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Bone Bending: Developing An Animal Model For Mechanical Properties Of Human Infant Calvarium
Devansh Saini, PhDc1, Lee Alkureishi, MD1, Russell Reid, MD PhD2, Pravin Patel, MD1, Linping Zhao, PhD3, Roberto Leonardo Diaz, PhD1, Farid Amirouche, PhD1.
1University of Illinois at Chicago, Chicago, IL, USA, 2The University of Chicago, Chicago, IL, USA, 3Shriners hospital for children, Chicago, IL, USA.

PURPOSE: Manipulation of the shape of infant calvarium is an integral part of surgery to correct craniosynostosis, and may involve cutting, drilling, weakening, or bending the bone selectively in order to achieve the desired outcome. Little is known of the mechanical properties of infant calvarium and its response to mechanical manipulation, beyond the surgeonís "feel" in the operating room. Knowledge of these mechanical properties can provide insight into its response to physical loads, limits for plastic/elastic deformation, and may inform future development of novel surgical techniques. As such, we sought to develop an animal model which most closely resembles the biomechanical characteristics of human infant calvarium, as the foundation for future research into cranial bone shape manipulation. In this study, we analyzed the boneís response to bending stimulus.
METHODS: Candidate species models included macaque monkey, neonatal swine, beagle, and human adult calvarium. 8 specimens were tested for each of the planned tests. A universal test machine (UTM) with custom fixtures was used to perform a 3-point bend test on each specimen at a preload of 10N and a rate of 10mm/min until specimen fracture. Load-displacement curves and break forces such as peak load, stress, and strain were recorded during the test. The bending modulus was computed as the linear slope of the stress-strain plot, while the maximum point in this curve is defined as the bending strength. Our results were then compared with historical data for the human infant calvarium.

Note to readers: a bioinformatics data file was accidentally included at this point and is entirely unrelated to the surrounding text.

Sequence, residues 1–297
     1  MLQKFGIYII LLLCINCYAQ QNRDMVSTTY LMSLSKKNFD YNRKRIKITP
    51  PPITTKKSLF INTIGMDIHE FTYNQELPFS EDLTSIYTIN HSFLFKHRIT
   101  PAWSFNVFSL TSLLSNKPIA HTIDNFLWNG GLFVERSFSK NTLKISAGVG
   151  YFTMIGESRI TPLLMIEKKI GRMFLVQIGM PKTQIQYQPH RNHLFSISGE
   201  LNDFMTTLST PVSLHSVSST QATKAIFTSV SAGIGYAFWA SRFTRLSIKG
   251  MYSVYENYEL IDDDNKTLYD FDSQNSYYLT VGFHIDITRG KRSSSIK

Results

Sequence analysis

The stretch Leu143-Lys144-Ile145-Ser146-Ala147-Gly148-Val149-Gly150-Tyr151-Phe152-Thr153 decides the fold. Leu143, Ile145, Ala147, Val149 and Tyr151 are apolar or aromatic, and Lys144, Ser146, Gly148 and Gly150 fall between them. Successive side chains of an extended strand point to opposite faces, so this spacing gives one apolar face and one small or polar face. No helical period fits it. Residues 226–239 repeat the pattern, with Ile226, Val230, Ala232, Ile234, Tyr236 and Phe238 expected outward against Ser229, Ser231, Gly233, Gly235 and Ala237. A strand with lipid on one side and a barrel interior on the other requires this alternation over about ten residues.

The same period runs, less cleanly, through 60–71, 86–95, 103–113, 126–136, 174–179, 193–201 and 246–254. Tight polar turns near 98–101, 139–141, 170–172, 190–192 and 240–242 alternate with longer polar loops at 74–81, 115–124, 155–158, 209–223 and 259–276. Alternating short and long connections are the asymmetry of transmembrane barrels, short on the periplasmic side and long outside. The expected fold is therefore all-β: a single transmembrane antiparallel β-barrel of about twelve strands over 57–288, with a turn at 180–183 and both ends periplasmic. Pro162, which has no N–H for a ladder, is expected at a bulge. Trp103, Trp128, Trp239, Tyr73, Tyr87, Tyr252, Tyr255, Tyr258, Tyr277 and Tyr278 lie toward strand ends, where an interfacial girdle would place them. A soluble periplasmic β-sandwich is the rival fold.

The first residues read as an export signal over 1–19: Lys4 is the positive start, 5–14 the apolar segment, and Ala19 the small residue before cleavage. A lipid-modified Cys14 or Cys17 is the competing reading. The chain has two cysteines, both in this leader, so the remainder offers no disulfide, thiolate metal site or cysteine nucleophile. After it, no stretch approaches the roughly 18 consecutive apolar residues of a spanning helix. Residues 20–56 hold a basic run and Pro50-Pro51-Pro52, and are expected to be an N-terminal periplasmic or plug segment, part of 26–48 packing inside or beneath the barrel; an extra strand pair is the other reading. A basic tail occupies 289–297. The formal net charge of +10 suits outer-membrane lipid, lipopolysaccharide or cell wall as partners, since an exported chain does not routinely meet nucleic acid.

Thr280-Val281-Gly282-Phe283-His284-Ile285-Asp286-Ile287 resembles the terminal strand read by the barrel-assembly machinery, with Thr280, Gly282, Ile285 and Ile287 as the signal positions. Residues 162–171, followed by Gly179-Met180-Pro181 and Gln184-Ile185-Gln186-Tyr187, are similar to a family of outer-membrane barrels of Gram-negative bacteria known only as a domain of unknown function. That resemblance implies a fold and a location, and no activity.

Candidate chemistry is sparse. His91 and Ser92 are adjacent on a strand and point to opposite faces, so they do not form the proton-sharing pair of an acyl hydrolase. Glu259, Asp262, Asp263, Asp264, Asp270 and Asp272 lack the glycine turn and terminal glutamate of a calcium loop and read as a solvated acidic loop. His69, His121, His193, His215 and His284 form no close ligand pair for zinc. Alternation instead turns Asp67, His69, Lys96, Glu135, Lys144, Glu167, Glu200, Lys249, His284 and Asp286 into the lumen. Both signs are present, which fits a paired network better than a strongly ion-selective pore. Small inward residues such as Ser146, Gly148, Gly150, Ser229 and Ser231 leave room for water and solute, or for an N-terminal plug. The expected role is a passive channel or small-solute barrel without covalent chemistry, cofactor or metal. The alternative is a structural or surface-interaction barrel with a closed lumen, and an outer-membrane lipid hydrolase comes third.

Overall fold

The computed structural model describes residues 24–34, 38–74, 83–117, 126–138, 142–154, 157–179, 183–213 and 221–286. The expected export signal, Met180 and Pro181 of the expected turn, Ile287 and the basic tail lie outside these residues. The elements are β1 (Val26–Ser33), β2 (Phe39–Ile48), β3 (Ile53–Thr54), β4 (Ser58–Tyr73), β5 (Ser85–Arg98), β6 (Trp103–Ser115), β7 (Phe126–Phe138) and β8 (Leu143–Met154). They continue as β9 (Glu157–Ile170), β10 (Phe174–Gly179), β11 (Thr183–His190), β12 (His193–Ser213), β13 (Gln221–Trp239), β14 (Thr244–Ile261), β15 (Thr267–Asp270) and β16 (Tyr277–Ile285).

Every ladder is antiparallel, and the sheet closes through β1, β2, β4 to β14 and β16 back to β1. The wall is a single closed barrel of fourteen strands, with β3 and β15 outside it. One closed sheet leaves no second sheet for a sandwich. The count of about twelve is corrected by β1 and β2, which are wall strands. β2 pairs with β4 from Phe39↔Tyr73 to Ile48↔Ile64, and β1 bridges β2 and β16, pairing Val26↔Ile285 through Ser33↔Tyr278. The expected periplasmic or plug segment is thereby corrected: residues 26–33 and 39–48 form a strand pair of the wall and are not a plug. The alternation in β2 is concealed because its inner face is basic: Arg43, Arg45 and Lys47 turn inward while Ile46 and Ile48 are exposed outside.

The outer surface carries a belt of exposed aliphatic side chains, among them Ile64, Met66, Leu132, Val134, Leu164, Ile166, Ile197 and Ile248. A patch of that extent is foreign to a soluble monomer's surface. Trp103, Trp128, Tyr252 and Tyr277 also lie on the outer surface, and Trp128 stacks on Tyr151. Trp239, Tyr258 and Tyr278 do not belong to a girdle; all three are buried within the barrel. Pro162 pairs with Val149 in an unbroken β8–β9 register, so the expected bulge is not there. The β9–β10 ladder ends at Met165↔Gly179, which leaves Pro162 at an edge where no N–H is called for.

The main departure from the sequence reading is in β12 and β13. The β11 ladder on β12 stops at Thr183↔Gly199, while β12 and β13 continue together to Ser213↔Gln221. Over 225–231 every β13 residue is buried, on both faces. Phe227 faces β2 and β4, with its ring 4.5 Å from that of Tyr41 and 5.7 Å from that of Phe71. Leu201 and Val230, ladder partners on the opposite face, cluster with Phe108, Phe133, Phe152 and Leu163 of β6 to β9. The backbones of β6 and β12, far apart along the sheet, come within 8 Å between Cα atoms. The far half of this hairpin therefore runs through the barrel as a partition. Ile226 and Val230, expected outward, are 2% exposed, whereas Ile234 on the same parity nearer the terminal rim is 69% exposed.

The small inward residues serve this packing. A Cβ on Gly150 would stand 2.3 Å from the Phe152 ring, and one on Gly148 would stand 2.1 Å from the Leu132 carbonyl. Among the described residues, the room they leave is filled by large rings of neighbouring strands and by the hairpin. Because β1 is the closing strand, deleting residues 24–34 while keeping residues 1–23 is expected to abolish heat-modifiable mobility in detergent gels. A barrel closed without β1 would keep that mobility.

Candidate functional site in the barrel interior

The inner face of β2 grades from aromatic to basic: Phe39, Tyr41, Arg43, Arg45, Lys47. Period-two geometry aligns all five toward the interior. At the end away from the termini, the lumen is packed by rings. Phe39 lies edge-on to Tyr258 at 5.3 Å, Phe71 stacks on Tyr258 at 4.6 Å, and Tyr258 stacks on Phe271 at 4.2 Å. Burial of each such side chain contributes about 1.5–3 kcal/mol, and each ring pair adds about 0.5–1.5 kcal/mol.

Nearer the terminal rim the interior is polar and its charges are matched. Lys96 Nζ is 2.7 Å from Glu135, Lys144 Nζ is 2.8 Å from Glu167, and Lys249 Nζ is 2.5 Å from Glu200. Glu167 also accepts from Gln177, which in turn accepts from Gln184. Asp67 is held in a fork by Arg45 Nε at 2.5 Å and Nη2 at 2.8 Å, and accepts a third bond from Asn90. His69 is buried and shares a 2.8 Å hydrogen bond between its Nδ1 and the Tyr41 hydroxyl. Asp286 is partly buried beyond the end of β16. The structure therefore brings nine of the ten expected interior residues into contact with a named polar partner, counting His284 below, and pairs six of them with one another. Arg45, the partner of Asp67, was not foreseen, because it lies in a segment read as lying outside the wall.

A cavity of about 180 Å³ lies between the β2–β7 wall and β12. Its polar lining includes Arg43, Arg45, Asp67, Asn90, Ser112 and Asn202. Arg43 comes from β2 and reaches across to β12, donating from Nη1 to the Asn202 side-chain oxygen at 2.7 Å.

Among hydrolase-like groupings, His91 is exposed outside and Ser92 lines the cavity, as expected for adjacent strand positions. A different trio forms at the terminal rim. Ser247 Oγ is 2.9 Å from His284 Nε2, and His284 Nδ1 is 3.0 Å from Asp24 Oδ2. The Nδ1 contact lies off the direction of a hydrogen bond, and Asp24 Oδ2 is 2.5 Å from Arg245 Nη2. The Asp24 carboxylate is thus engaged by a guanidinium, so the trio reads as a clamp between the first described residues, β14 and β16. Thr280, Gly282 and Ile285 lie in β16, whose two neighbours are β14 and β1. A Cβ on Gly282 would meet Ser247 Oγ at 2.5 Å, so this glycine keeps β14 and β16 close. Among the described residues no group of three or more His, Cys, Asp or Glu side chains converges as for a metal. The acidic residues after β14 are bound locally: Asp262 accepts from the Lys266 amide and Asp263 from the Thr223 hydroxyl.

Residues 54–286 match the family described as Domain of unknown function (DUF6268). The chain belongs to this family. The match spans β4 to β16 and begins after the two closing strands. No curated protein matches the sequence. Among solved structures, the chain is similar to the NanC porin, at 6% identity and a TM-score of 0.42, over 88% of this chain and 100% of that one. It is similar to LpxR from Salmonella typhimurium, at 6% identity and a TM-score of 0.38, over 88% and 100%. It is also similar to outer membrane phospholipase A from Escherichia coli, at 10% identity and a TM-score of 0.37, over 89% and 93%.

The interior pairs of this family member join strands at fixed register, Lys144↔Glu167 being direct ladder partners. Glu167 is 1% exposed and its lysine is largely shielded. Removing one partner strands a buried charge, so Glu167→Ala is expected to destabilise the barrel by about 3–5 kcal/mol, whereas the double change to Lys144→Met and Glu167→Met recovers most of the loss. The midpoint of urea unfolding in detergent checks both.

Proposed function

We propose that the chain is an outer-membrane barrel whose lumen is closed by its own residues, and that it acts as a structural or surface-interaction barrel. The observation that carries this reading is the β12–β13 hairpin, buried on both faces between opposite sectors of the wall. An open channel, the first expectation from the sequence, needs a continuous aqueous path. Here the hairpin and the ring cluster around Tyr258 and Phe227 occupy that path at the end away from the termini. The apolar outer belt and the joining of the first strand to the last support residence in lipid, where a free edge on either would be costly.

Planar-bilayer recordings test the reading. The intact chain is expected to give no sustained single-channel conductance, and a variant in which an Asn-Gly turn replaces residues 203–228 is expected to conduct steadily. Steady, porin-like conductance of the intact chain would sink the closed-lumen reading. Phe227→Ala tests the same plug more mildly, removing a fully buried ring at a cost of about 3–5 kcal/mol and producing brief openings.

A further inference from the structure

RESULTS: An unpaired t-test was used to compare bending modulus and strength from different species. The mean bending modulus was found out to be 3.03 GPa (SD 1.4) for adult human calvarium, 1.73 GPa (SD 0.85, p=0.06) for canine, 1.71 GPa (SD 0.73, p=0.05) for macaque, and 0.82 GPa (SD 0.14, p=0.001) for pig. The mean bending strength for the adult human calvarium was 61 MPa (SD 12.8), 74.12 MPa (SD 37.85, p=0.4) for canine, 74.43 MPa (SD 27.6, p=0.26) for macaque, and 29.05 MPa (SD 7.49, p=0.001) for pig. The elastic modulus of composite human cranial bone in bending is 1.37 GPa at around the time of birth.

CONCLUSION: Our results in this study show that the neonatal piglet model shows bending properties closest to that of a 1-week-old human infant (E=820.9 MPa at a loading rate of 2540mm/min). While canine and macaque models show similar properties, the adult human has a bending modulus that is 3.7 times that of the pig. This study is the first in a series examining the mechanical properties of various animal skull bone models. These results will be collated with finite element analysis and subjective testing to inform the optimal choice of model for future development of surgical techniques for cranial bone shape manipulation.

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